rci@rcicn.com
World map
PTLP
Bookkeeper®
tel:
+86-028-85880383
Reli
Heritage Preservation 
RCICN

Automatic
Deacidification system

Movable, efficient, automatic, single-leaf
  • Observations of paper aging and acidity
  • How to Stop Yellowing and Make Books Last
  • What Can We Do to Protect Paper From Acids
  • There are two principal chemical degradation pathways of paper
  • Acidic Paper and the More Rapid Degradation of Books
  • Challenges of Deacidification
New:
NEWS CENTER
Acidic Paper and the More Rapid Degradation of Books
Source:AIDCSC | By:unknown | posted on :2020-02-06 | 58 次浏览 | 分享到:
​People have been concerned about the premature degradation of stored books and the poor quality of the paper for a long time. Gradually it became known that acidity is a key factor in shortening the useful life of books.


People have been concerned about the premature degradation of stored books and the poor quality of the paper for a long time.  Gradually it became known that acidity is a key factor in shortening the useful life of books. The same period, the typical pH values of manufactured books became lower than 6 and continued to decrease to a range between 4.5 and about 5. A correlation between pH and the rate of strength loss was found for both accelerated and natural aging tests of the same books.  Books from previous centuries have been found to remain in relatively good condition, and such findings were generally correlated to higher pH values Especially low values of pH happened to be measured for samples manufactured in the 1960s and 1970s.  But the situation was very different for the samples that had been manufactured in the 1980s and 1990s, for which the average pH of the paper was near neutral and the number of double-folds before breakage was dramatically higher.  Not only were those relatively recent samples newer, but they also were not degrading as fast.  What happened, in order to bring about that change, was almost certainly the emergence of alkaline papermaking practices, which in just a few years has come to be dominant for the production of printing papers.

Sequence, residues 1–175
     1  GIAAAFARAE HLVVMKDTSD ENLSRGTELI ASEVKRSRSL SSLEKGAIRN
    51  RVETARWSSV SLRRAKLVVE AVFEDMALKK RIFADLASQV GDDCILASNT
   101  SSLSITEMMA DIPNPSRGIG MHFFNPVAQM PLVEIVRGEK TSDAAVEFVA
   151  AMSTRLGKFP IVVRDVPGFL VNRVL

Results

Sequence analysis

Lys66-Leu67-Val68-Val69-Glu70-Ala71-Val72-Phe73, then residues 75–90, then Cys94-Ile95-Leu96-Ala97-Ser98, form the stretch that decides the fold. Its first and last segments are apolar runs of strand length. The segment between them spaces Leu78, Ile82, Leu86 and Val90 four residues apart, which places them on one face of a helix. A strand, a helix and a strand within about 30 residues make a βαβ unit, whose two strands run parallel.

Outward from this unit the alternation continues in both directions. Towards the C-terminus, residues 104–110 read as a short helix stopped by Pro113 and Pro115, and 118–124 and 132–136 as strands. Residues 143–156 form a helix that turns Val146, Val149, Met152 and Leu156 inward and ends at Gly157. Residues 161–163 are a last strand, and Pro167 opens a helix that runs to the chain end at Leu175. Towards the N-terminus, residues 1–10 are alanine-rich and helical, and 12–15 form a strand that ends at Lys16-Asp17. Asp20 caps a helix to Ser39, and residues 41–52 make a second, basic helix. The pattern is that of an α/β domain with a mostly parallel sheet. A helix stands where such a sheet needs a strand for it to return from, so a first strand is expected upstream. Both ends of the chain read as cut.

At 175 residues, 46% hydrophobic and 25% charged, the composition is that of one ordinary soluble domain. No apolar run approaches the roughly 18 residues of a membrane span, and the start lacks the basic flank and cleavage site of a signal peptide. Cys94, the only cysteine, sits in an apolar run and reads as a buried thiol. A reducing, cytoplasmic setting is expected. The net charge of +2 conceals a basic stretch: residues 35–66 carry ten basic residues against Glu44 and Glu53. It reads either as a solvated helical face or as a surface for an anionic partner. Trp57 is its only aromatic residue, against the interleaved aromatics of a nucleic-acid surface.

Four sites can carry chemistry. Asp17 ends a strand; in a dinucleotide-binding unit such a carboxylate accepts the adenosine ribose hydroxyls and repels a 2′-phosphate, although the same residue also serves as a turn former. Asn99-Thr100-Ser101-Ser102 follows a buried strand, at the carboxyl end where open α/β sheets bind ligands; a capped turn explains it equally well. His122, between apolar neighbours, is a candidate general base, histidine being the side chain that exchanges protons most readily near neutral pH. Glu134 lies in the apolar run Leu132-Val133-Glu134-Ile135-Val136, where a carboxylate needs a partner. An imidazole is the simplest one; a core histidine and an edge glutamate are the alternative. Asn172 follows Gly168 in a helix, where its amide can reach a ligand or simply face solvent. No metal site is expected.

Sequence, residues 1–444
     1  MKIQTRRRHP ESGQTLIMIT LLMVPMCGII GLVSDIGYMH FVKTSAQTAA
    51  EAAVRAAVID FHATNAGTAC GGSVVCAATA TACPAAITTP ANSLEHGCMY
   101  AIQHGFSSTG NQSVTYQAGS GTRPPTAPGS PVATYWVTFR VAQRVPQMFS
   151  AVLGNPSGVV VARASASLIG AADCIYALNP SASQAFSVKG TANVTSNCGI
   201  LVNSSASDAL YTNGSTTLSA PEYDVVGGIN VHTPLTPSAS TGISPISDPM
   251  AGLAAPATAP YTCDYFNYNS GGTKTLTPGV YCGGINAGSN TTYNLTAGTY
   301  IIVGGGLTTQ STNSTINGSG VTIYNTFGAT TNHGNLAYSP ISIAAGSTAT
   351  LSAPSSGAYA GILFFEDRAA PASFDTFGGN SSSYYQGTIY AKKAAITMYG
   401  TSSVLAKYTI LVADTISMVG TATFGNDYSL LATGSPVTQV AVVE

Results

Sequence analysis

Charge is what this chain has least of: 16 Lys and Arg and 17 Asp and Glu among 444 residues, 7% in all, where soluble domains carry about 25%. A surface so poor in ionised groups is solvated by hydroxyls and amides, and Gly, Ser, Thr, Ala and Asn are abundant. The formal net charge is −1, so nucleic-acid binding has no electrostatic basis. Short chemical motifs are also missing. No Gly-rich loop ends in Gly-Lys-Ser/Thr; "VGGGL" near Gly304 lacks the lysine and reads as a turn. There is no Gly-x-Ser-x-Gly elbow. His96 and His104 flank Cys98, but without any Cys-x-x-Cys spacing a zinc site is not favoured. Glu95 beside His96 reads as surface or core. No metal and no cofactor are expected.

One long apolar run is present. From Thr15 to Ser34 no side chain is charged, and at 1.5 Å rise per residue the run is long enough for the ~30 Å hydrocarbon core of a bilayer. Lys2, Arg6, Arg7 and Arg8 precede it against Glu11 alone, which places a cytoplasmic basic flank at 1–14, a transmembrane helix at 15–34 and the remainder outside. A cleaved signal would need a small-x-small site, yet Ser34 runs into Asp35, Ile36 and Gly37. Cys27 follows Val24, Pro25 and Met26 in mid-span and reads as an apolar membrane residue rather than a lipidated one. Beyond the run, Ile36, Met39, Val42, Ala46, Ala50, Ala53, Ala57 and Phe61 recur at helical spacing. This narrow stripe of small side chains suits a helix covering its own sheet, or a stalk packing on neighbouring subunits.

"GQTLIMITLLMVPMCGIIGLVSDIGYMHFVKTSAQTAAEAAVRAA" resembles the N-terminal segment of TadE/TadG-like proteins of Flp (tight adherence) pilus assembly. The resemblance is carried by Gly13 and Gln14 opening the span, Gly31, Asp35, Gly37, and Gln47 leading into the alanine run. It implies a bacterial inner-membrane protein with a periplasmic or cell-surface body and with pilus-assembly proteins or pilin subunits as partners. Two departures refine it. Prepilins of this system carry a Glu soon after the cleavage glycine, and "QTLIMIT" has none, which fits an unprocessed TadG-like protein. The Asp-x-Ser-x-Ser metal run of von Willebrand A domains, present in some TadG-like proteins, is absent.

In addition to acidity present in paper at the time of its manufacture, acids are formed continually both in acidic and alkaline cellulose material due to hydrolysis or oxidation reactions, which will be described later.  Also, some acidity accumulates through absorption of pollutants from the air, particularly in urban areas.  However, the detailed effects are different, depending on whether the paper’s microstructure is acidic or alkaline:  The acids arising in the alkaline part of the microstructure, which contains alkaline reserve, presumably can be continually neutralized.  The degradation in the alkaline paper continues very slowly, and most probably the effects of the likely predominant peeling reaction can be neglected. Such a process would result in a negligible difference of the DP, longevity, brittleness, folding endurance, usability, and other mechanical and chemical quantities of paper or books.  Another alkaline degradation mechanism, the beta-elimination reaction, could be detected in the deacidified book papers.  However, it had little influence on the molar mass of cellulose in the paper compared to the beneficial effects obtained by deacidification treatment.

It is also important to keep in mind that acids are formed continually in paper by oxidation with oxygen, ozone, nitrogen, sulfur oxides, and other oxidants, in both acidic and alkaline cellulosic material, including paper and books during the whole paper lifetime . Acids arising from oxidation presumably can be continually neutralized by alkaline reserve, assuming that contact is achieved locally between the alkaline and acidic substances.  However, the neutralization of acids does not stop their formation.  Continuing generation of acidic species in paper might help to explain observations of a gradual drift to lower surface pH values over time.